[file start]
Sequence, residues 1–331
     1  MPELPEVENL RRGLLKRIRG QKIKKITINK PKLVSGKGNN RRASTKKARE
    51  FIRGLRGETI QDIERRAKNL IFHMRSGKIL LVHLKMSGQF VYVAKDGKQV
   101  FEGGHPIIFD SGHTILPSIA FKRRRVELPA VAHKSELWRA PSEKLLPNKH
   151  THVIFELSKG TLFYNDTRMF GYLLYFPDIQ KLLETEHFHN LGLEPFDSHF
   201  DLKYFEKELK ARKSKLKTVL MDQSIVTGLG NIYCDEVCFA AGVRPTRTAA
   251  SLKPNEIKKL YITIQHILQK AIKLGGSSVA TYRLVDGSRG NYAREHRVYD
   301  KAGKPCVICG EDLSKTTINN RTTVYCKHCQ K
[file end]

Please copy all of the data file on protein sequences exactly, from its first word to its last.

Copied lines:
Sequence, residues 1–331
     1  MPELPEVENL RRGLLKRIRG QKIKKITINK PKLVSGKGNN RRASTKKARE
    51  FIRGLRGETI QDIERRAKNL IFHMRSGKIL LVHLKMSGQF VYVAKDGKQV
   101  FEGGHPIIFD SGHTILPSIA FKRRRVELPA VAHKSELWRA PSEKLLPNKH
   151  THVIFELSKG TLFYNDTRMF GYLLYFPDIQ KLLETEHFHN LGLEPFDSHF
   201  DLKYFEKELK ARKSKLKTVL MDQSIVTGLG NIYCDEVCFA AGVRPTRTAA
   251  SLKPNEIKKL YITIQHILQK AIKLGGSSVA TYRLVDGSRG NYAREHRVYD
   301  KAGKPCVICG EDLSKTTINN RTTVYCKHCQ K